Assessing Coordination Between Agencies Involved in Traffic Incident Management - FY08 NATSRL
Robert Feyen, Assistant Professor, UMD-Mechanical & Industrial Eng
A key role of any state's department of transportation is managing adverse incidents that affect traffic flow within the interstate highway system under its purview. In most urban locations, management is accomplished through various agencies (e.g., police, fire, maintenance, and traffic operations), each with a stake in the overall traffic incident management (TIM) system. A literature survey indicates that, although prior studies have examined interagency coordination issues, relatively few have examined how the effectiveness of interagency efforts can be externally compared or internally assessed quantitatively. Further, numerous TIM systems in the United States have reported performance evaluation of interagency TIM activities as one area of activity for which little success has been attained.
This research project took a two-pronged approach in proposing a quantitative basis for comparison and performance assessment, which is described below.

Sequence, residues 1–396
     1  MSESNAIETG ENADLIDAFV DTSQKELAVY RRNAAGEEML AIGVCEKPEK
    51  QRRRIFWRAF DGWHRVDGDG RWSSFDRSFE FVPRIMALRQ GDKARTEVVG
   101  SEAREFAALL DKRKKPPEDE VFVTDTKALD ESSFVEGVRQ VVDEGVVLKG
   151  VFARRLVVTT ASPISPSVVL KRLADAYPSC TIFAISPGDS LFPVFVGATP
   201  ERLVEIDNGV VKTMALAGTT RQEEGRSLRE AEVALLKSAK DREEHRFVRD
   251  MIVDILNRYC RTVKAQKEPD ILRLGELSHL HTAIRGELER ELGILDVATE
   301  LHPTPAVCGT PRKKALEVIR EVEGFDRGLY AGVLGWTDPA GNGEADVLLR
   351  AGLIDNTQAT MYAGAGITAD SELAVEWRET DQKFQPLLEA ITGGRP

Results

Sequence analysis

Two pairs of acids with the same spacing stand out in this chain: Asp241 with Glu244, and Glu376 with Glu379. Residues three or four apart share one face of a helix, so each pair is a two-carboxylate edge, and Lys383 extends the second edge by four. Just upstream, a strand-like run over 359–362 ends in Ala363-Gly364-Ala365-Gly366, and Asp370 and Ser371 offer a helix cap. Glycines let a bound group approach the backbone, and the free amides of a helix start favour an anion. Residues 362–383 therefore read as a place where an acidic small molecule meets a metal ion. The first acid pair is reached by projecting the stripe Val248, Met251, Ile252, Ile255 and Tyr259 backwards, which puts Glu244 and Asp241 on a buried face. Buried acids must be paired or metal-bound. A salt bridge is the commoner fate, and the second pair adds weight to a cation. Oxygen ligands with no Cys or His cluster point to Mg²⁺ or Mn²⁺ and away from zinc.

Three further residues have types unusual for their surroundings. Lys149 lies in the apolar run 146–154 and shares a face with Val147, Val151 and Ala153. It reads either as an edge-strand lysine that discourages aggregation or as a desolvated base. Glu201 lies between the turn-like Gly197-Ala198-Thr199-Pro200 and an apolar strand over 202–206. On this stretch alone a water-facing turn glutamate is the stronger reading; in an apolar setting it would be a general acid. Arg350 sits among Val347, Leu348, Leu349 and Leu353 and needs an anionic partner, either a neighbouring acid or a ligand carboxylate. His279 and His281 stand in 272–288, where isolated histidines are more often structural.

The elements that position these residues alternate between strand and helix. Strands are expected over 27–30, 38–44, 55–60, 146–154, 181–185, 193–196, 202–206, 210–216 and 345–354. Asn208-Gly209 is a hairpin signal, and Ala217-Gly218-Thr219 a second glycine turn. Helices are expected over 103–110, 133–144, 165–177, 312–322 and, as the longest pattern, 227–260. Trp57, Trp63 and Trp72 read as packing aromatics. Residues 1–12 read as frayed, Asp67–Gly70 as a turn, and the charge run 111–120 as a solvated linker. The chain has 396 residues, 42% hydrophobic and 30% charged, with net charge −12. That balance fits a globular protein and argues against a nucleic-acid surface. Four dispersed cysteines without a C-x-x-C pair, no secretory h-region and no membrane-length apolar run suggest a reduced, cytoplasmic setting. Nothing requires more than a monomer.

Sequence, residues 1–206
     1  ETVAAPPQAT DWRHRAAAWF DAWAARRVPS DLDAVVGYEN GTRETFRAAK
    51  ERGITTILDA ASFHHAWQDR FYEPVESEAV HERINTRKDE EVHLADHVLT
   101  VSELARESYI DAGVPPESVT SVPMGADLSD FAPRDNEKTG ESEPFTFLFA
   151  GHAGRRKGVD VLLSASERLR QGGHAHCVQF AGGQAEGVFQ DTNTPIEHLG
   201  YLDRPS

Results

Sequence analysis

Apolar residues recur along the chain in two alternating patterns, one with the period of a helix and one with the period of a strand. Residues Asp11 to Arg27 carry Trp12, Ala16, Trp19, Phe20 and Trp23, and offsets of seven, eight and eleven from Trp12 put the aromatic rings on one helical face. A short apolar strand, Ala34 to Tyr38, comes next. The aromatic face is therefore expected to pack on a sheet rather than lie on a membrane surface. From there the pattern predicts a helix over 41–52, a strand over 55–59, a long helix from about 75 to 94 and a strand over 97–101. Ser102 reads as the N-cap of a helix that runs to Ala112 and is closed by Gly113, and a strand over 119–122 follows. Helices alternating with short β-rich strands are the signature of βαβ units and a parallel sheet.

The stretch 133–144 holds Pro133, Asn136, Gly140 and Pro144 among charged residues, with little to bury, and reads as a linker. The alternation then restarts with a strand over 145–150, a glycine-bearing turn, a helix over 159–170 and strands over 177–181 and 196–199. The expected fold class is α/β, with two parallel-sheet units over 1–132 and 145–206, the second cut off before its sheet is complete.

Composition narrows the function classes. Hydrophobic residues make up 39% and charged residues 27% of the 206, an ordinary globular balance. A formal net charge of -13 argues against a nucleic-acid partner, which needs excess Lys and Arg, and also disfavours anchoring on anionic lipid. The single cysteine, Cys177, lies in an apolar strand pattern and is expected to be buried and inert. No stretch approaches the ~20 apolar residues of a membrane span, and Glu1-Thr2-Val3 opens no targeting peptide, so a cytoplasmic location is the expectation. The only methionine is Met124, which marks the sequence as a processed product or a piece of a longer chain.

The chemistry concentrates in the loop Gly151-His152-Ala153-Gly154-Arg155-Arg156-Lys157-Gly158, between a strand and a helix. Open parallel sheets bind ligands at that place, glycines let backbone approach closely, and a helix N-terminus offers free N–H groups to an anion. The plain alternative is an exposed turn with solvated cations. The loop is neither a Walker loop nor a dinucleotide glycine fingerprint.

1) The first prong was an external benchmarking study, which provided potential baseline metrics and methodologies for interagency TIM activities for use in justifying and communicating the benefits of TIM systems both to the public and to officials whose decisions significantly affect TIM resources. Along these lines, existing data sources and surveys administered to TIM personnel in seven urban areas across the country with similarities to the Minneapolis-St. Paul metro area have been used to document and compare the effectiveness of interagency coordination efforts.
2) The second prong was an internal analysis of interagency coordination conducted at the Minnesota Department of Transportation's (Mn/DOT) Regional Transportation Management Center, which oversees the Twin Cities metro highway system. A review of communications during past incidents and in-person observations was used to ascertain the current work procedures, information requirements, and knowledge sharing needed to coordinate efforts between various TIM stakeholders. Based on this research, recommendations were made for data collection and analysis of appropriate TIM performance measures.